After the video was leaked, a jirga was held by the girls’ tribe which decreed the killing of the girls and the boys under ‘riwaj’ (a tribal custom).

Afzal, the brother of one of the boys in the video, was the one who made the news public, alleging that the girls had been killed on May 30, 2012, on the orders of a cleric who led a 40-50 member tribal jirga. Officials in the area, however, had claimed that the murders did not take place and the girls were alive.

Former chief justice Iftikhar Chaudhary had taken a suo motu notice of the case on June 7, 2012, and constituted a fact-finding mission on July 17 the same year to investigate the case.

The commission went to Kohistan and investigated the matter, producing a report on July 20, 2017, which stated that the girls were alive. Rights activist Farzana Bari, also part of the commission, had expressed doubts at the time that the girls produced before the commission were not the same and some other burqa-clad and veiled girls were, in fact, presented.

Read more: Kohistan video case: Girls declared alive by SC had actually been killed, says Bari

In the ensuing feud, three of Afzal's brothers named Shah Faisal, Sher Wali, and Rafiuddin were killed inside their home on January 3, 2013, by the girls' tribesmen and a year earlier, a child was also killed due to the burning of Afzal's home.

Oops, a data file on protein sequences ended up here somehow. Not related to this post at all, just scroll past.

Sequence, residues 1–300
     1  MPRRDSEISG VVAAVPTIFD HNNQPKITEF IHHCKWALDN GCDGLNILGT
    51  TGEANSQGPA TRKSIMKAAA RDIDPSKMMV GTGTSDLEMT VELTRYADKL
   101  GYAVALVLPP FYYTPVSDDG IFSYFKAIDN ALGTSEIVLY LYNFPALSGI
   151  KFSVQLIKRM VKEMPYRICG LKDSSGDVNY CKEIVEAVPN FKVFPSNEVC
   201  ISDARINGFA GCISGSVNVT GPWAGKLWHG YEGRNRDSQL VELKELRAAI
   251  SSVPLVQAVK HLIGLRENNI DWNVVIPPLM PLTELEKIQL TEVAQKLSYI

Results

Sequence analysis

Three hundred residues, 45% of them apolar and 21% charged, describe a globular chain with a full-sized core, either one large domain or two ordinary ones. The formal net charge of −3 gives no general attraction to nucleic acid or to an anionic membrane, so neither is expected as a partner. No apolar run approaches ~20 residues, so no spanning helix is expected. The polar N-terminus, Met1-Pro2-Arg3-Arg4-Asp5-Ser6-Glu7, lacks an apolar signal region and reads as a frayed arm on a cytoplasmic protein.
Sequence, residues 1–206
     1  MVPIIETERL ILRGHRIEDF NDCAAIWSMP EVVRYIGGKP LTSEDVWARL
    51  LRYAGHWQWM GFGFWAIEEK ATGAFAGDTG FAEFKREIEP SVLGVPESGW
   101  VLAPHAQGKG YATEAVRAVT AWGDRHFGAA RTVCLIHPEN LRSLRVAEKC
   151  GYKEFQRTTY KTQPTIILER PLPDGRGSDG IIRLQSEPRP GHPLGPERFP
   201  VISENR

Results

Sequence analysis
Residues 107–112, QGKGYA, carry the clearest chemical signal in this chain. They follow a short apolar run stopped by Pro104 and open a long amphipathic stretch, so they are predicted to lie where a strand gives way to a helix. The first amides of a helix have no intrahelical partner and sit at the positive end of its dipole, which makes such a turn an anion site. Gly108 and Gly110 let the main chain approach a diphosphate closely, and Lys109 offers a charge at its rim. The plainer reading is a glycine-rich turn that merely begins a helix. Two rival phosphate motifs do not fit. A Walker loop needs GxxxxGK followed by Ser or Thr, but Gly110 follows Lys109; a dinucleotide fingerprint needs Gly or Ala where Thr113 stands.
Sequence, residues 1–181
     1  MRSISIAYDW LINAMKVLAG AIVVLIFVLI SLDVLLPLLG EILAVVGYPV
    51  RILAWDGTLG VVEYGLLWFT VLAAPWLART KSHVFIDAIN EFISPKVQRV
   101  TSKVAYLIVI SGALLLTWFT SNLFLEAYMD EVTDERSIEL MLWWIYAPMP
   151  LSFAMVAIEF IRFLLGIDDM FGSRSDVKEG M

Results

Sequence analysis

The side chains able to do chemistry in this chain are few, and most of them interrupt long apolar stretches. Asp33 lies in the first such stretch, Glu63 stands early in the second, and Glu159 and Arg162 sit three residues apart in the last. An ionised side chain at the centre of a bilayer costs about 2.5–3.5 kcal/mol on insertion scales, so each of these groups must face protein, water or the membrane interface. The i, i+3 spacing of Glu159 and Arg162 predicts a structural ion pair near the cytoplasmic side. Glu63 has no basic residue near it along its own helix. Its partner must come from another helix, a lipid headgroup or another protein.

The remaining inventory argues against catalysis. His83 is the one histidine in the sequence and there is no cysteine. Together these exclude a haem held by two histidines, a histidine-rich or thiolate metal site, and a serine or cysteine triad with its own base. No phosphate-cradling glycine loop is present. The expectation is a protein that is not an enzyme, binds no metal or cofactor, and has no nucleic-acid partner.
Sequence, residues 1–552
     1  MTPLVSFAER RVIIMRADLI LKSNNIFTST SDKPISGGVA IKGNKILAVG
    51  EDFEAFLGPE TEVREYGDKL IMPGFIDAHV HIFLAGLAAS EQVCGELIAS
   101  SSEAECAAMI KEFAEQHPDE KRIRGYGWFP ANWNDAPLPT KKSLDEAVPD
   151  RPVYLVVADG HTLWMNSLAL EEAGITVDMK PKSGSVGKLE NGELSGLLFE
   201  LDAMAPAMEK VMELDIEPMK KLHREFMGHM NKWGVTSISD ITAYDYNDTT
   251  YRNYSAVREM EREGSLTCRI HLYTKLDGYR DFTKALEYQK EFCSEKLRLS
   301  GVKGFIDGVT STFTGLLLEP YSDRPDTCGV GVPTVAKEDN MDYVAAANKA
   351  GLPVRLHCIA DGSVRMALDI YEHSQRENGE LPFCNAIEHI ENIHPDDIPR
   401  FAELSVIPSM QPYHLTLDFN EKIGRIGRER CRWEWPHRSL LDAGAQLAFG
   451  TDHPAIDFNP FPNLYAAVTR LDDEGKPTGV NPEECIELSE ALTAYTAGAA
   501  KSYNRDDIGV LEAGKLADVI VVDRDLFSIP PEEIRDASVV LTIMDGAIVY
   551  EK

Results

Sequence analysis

On July 31, 2018, a new case was registered at Palas police station on the Supreme Court's orders.

Four suspects namely Umar Khan, Saber, Mohammad Sarfraz and Saeed were arrested. Upon interrogation, the suspects confessed to killing three of the girls — Begum Jan, Sireen Jan and Bazeega — by firing, saying they had disposed of the bodies in Nala Chorh.

Afzal had been of the firm view that the suspects were lying. “They killed all five girls by severe torture and are not identifying graves as it will reveal their brutality,” he had said at the time.